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Native American Lakota star Gathering of Nations Native American Lakota star
April 22-24, 2010
UNM Football Stadium

Avenida Cesar Chavez Blvd. SE (Hwy. 25, exit #223)

Albuquerque, New Mexico, USA

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Native American Lakota star Traveling to the Beat of A Different Drum ArticleNative American Lakota star
Keeping Time With the Namesake of the Zotigh Singers
Story by Rick Huff - Pueblo Journal correspondent

Please respect this copyrighted material. It is not to be duplicated for any purpose without explicit written permission from the copyright holder.
ALBUQUERQUE—His group’s CD’s and tapes of over 50 original songs are in communities from sea to sea and pretty nearly Pole to Pole.  Their songs are sung at gatherings and powwows all across the U.S. and much of Canada. 

His Zotigh (“Zoe-tie,” or more correctly “Zode-deh”) Singers were asked to be Southern Host Drum at the Fort Duchesne, UT, celebration July 1-4, 2004, the San Felipe Casino Powwow July 30-August 1, 2004, and they are invited to compete in the world championship drum contest at Schemitzun, Ledyard, CT, August 26-29, 2004.  But the dean of New Mexico Southern Style has some interesting criteria for picking new singers for his drum.  “I want a person who’s never hit a drum before and doesn’t know how to sing!”

Of course the operative word here is “dean.”  Ralph Zotigh is very much an educator in the College of On-The-Job Training.  When it comes to Powwow and Intertribal, his mission is to teach and spread Southern Style singing and drumming.  “We’ve just released our fourth CD and it’s my fourth drum group,” Zotigh says with satisfaction.  And he’s already looking toward his fifth . . . of both!  “We’ll always be the Zotigh Singers and we’ll always be contenders,” he grins.Ralph Zotigh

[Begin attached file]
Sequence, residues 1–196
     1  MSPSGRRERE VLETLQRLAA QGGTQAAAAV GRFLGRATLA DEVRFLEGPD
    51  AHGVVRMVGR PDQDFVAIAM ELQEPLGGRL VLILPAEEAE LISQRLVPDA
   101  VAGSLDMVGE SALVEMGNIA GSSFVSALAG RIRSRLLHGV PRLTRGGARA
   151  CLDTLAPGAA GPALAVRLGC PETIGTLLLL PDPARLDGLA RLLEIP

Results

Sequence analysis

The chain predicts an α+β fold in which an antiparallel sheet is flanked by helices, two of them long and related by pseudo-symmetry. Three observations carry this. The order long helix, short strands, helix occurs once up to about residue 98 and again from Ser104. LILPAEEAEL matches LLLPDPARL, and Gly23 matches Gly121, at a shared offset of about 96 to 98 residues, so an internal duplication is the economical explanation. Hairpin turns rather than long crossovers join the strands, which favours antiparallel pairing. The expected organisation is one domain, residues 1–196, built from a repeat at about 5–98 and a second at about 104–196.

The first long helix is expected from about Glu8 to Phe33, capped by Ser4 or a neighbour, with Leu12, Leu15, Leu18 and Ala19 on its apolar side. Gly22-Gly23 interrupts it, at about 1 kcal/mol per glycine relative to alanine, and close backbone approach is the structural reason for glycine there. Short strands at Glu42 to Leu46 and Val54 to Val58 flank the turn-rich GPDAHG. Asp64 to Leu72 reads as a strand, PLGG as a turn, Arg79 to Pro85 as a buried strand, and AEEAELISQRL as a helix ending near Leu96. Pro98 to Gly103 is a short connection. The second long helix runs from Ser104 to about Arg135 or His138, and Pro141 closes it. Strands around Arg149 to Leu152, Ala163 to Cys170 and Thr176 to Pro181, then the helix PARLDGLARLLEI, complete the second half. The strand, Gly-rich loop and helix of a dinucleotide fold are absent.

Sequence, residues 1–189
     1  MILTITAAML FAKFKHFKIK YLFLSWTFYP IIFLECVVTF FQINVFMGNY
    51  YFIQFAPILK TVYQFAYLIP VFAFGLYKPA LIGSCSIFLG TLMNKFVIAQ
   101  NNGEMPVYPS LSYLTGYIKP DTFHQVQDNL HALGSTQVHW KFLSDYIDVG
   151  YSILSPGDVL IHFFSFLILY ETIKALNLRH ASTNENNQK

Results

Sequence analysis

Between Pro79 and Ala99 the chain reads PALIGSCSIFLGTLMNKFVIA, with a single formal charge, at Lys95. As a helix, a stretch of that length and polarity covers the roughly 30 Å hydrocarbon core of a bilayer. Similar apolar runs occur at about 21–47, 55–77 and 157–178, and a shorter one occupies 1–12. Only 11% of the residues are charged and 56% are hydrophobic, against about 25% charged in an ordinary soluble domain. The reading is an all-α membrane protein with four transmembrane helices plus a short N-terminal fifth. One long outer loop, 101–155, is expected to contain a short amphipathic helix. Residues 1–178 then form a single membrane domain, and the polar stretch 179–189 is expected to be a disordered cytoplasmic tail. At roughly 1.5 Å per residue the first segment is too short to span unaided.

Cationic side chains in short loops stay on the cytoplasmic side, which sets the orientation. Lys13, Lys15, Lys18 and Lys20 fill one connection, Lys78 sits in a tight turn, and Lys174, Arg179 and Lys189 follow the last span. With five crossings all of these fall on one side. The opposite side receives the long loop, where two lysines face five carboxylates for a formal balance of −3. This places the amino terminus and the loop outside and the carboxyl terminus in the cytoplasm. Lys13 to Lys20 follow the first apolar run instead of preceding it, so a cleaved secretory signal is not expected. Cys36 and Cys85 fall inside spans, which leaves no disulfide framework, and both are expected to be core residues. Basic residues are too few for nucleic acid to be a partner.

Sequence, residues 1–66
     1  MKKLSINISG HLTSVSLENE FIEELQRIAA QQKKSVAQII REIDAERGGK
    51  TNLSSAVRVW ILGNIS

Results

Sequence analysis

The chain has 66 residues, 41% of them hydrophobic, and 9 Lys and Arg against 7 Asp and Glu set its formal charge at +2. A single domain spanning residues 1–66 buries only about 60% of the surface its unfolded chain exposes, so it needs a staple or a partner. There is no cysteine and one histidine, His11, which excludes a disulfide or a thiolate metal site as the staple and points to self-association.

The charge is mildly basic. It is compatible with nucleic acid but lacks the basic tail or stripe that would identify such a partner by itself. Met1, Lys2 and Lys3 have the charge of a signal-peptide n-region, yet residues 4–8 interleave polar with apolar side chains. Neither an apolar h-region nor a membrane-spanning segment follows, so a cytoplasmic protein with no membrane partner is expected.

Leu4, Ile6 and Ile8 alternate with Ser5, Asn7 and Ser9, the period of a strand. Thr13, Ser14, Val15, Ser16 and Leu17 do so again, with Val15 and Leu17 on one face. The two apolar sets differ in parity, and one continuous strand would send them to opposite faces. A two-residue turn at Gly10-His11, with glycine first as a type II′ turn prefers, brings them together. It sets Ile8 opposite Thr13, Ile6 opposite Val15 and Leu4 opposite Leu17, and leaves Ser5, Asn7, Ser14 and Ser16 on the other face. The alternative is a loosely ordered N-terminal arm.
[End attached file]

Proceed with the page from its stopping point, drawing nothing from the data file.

“The first version of the Zotigh Singers I had went on to form another group that’s pretty well-known now – Southern Slam.  They were on our first album.  The second version of the Zotigh Singers were mostly Plains tribal members from around Albuquerque and they recorded the second CD ‘Live at Schemitzun.’  On the third album, ‘Millenium,’ the group was half Plains and half Pueblos.  Now I have 14 singers and all but three are Navajos!”

Zotigh smiles as he speaks of the great potential of Zotigh Singers Incarnation #4.  “It takes a long time.  Practice is every Wednesday.  But at this past Gathering of Nations they were noticed and got compliments on their singing from some guys in other drum groups who’d been singing all their lives,” Zotigh beams with pride in his students.  “Not tooting my own horn but I guess I’m doing my job.”  Indian House just released:  “Bay Pbay Taay – Have Courage,” the Zotigh Singers’ fourth album of original songs.

Since moving to New Mexico from his native Oklahoma 46 years ago - his wife Maxine is San Juan Pueblo - Ralph Zotigh has been known for his singing and has been invited to be Head Singer at gatherings from New York to California.  The popular, elegant Kiowa gentleman  provided a powerful naturally operatic quality to the vocals, but for many years he traveled and worked the events alone.  “Then Northern drum groups sort of converged on the Southwest,” Zotigh recalls.  “When drum groups began to form here, I decided to do it so I could teach lots of new people the Southern Style, to help perpetuate it, so when I die there will be a lot of Southern singers!”

Most people in the know would state with assurance that Ralph Zotigh brought powwows to New Mexico.  It’s a claim Zotigh tends to sidestep:  “I was here all that time but it took a lot of people.  From 1970 to 78 I belonged to a powwow club in Albuquerque.  We used to put on our powwows at the old Albuquerque Indian School campus.  We would import a head staff from out-of-town . . . California . . . Oklahoma . . . and we would invite some people who were connected to the Gourd Dance.  Originally we weren’t allowed to do it outside of Oklahoma and actually,” Zotigh grins a little shyly, “ I’m not absolutely sure we were supposed to have been doing it or not, but people encouraged us.  The California Kiowas who were here decided to take it back home with them and it spread.  It’s really catching on with the Navajos too.  I didn’t realize it until I was invited in 2002 to be Head Gourd Singer at the Gallup Intertribal Ceremonial and a Gourd Clan of over 100 Navajos came!”Zotigh Drum